Yawn… Your Dog Empathizes!

by | Dec 3, 2019 | Behavior | 0 comments

Picture this: you’re riding in a car with a friend and she yawns. A few seconds later, you yawn too, even though you’re not tired or bored. Your friend yawns again and this time you decide you are going to resist yawning. But you can feel the darn yawn building in your throat until you just have to let it out! In fact, you might actually be stifling a yawn just from reading this! Congratulations – you’re human. Contagious yawning affects about 45 to 60% of healthy adult humans. It is thought to be associated with our capacity for empathy, so pat yourself on the back if you just yawned. When people yawn contagiously, neural networks responsible for empathy and social skills are activated.(1) In addition, people who score higher on self-recognition, theory of mind, and empathy are more susceptible to yawn contagiously.(2) Further, the contagious effect of yawning is impaired in subjects suffering from empathy disorders, such as autism.(3) Well, it turns out that dogs also yawn contagiously.

Contagious Yawning

Contagious yawning affects about 45 to 60% of healthy adult humans. It is thought to be associated with our capacity for empathy, so pat yourself on the back if you just yawned. When people yawn contagiously, neural networks responsible for empathy and social skills are activated.(1) In addition, people who score higher on self-recognition, theory of mind and empathy are more susceptible to yawn contagiously.(2) Further, the contagious effect of yawning is impaired in subjects suffering from empathy disorders such as autism.(3) Well, it turns out that dogs also yawn contagiously.

Contagious Yawning in Dogs

The first study to show contagious yawning in dogs demonstrated that whopping 72% of the dogs yawned after observing a human experimenter yawn.(4) Interestingly, in both humans and dogs, just the sound of a yawn can elicit a yawning response.(5) But yawning in dogs can also indicate mild to moderate stress (6), and up until now, none of the studies showing contagious yawning in dogs had ruled this out as a possible reason for the dogs yawning.

The authors of this study (7) therefore set two goals:

  1. To replicate contagious yawning in dogs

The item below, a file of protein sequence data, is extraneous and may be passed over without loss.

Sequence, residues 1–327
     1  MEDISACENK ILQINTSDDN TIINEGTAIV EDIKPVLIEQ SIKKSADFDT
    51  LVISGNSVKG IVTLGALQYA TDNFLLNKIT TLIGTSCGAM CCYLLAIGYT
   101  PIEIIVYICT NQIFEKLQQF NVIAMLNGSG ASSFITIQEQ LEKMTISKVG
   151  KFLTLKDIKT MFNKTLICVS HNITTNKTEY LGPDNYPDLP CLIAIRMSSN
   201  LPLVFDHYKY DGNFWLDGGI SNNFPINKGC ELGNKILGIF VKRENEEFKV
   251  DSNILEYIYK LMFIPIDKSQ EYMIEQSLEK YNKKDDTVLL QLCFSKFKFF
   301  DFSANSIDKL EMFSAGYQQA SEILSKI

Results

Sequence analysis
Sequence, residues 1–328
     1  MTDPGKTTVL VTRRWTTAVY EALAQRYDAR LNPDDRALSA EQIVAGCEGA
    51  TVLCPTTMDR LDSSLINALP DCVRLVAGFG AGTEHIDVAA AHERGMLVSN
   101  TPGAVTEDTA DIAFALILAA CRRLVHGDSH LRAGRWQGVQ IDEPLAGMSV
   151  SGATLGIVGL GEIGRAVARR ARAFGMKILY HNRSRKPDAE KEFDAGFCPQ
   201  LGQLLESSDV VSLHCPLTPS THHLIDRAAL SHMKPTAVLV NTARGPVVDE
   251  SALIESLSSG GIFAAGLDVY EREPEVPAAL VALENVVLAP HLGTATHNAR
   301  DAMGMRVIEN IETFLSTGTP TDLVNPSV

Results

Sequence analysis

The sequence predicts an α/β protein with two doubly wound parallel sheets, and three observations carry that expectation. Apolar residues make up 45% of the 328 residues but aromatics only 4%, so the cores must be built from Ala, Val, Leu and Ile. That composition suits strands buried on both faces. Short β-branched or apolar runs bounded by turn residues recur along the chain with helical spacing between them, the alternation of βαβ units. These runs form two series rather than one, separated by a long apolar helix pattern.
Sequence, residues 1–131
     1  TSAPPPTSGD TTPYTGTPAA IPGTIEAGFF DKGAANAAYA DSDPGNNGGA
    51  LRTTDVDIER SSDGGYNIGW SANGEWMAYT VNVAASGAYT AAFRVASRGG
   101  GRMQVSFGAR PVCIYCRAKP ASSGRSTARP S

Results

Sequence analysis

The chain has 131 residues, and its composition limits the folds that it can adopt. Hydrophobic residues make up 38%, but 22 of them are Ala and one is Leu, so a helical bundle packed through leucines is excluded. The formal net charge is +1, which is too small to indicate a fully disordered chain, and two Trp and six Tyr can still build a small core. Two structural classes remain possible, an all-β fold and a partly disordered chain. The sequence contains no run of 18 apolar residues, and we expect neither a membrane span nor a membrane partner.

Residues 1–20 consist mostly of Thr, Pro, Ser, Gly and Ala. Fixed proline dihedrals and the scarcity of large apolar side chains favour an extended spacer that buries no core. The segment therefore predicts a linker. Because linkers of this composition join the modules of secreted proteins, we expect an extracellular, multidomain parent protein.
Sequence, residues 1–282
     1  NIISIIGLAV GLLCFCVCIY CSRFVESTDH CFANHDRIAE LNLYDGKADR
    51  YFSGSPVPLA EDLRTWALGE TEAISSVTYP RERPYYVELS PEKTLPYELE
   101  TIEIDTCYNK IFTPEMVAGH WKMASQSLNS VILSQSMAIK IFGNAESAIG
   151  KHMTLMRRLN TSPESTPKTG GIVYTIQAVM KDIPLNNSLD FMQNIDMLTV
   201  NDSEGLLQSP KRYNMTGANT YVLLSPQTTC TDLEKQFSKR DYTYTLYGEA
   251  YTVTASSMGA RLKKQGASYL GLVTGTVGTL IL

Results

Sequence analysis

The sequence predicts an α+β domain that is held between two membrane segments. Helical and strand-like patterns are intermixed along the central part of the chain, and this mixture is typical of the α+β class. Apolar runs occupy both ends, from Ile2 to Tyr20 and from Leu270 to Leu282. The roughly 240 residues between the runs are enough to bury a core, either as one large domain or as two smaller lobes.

2. To determine whether the yawning was related to empathy or was a distress-related response.

Twenty-five adult dogs of a variety of breeds and mixed breeds were used in this study, with equal numbers of males and females. Dogs were exposed to the owner or an unfamiliar human either yawning or making a control open-mouth movement. At the same time, the dogs’ heart rates were measured by telemetry (remote measurement) to evaluate stress. The study confirmed that dogs do yawn contagiously in response to humans and that, as in humans, it is most likely an empathetic response. Dogs yawned in response to the true yawn significantly more often than to the control mouth movement, and they yawned significantly more often in response to their owners yawning than to an unfamiliar person (Figure 1). Apparently, contagious yawning was not related to stress as the dogs’ heart rates did not vary during any of the conditions.
Figure 1.Dogs yawned occasionally when an unfamiliar person yawned, but significantly more often when their owners yawned.

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Evidence of a Deep Bond

Many species experience contagious yawning with others of their own species. For example, many different species of primates other than humans (chimpanzees, bonobos, gelada baboons, and stump-tailed macaques) demonstrate contagious yawning.(7) Budgies, a small parrot, also experience contagious yawning with other budgies.(8) (I never even realized budgies could yawn!) But interestingly, dogs do not experience contagious yawning with each other, only when exposed to a yawning human. The authors suggest that contagious yawning of dogs in response to humans might have evolved as an adaptation for communicating with humans. I see it as a contribution to the scientific basis for the therapeutic effect of dogs and as further evidence of the ability of these incredible creatures with which we share our lives to deeply empathize with us. How lucky we are!

REFERENCES

1. Nahab FB, Hattori N, Saad ZS, Hallett M. Contagious yawning and the frontal lobe: an fMRI study. Hum Brain Mapp 2009;30:1744–1751.

2. Platek SM, Critton SR, Myers TEJ, Gallup GG. Contagious yawning: the role of self-awareness and mental state attribution. Cognition Brain Research 2003;17:223–227.

3. Senju A, Maeda M, Kikuchi Y, Hasegawa T, Tojo Y, et al. Absence of contagious yawning in children with autism spectrum disorder. Biology Letters 2007;3:706–708.

4. Joly-Mascheroni RM, Senju A, Shepherd AJ. Dogs catch human yawn. Biology Letters 2008;4:446–448.

5. Arnott SR, Singhal A, Goodale MA. An investigation of auditory contagious yawning. Cogn Affect Behav Neurosci 2009;9:335–342.

6. Beerda B, Schilder MBH, van Hooff JARAM, de Vries HW, Mol JA. Behavioural, saliva cortisol and heart rate responses to different types of stimuli in dogs. Appl Anim Behav Sci 1998;58:365–381.

7. Romero T, Konno A, Hasegawa T. Familiarity bias and physiological responses in contagious yawning by dogs support link to empathy. PLoS ONE 2013;8(8): e71365.

8. Miller ML, Gallup GC, Vogel AR, Vicario SM, Clark AB. Evidence for contagious behaviors in budgerigars (Melopsittacus undulatus): An observational study of yawning and stretching. Behav Process 2012;89:264–270.

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